Many times we have a photo that we would like to engrave on a bottle but the neck of the bottle is too small to put the photo into the bottle by hand.
If you have a photo to put into a long neck or funny shaped, small neck bottle, this is how you can do it.
1. Size your photo as if you are going to reach into the bottle and secure it to be traced.
2. Find a tube that will fit the bottleneck loosely. Trim the photo to make it slide into the neck easily. You will have to roll the photo to make it fit.
3. Tape a piece of paper, about 1/2 inch wide, to the top center of the photo that is long enough to position the photo where you want it to be for engraving. Make the paper long enough that you can tape it to the outer edge to the bottleneck when you have it located where you want it.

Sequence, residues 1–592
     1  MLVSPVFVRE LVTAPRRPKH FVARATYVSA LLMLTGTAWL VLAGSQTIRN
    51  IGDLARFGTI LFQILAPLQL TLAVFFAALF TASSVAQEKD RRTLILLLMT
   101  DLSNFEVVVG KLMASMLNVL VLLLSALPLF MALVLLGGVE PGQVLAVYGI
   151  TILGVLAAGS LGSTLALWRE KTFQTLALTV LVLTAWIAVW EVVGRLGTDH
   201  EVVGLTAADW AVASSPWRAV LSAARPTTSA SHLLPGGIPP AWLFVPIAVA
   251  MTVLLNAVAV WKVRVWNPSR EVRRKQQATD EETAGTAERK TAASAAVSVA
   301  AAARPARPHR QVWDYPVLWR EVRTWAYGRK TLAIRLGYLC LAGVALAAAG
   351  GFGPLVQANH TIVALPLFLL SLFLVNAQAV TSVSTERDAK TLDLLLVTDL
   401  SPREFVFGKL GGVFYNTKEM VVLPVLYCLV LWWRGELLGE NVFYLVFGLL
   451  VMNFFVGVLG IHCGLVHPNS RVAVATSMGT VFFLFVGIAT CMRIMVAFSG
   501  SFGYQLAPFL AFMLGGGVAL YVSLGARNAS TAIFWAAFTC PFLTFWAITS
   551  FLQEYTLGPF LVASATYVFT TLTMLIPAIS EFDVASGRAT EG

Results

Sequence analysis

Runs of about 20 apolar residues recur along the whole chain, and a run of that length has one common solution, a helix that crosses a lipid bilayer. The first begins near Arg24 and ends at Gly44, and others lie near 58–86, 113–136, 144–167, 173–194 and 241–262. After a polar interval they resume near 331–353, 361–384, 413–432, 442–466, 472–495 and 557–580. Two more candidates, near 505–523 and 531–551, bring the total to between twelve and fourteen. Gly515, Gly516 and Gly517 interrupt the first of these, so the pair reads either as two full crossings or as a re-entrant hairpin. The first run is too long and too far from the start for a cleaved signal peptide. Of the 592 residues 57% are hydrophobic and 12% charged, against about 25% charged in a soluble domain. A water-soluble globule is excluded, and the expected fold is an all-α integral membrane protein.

4. Roll the photo, “image out”, so you can see the photo and so it fits in the neck without damaging your photo or the paper tab. Locate the photo where you would like it to be when it is engraved.
5. Take your loose fitting tube. With electrical tape, attach a balloon to the end that enters the bottle. Make your tube long enough that it will enable you to reach the bottom of the bottle. Your tube must be small enough to allow the balloon and tape easy access inside and to allow the air being replaced by the inflating balloon to escape. Slide the balloon and tube into and behind just beyond the middle of the photo. The balloon must be located beyond the bottleneck so as not to restrict the balloon while it is inflating. This will assure that the photo is tight against the bottle.
6. Gently inflate the balloon. You may have to remove the air and move the photo, or balloon, if it moves! When the photo is in position and has enough of the balloon in position against the photo to hold the photo in place, twist the tube to lock the air in. You can tape the tube in place if you want to be sure it won’t deflate. Engrave and untwist the tube and you are done!
January 31, 2015 at 6:49 pm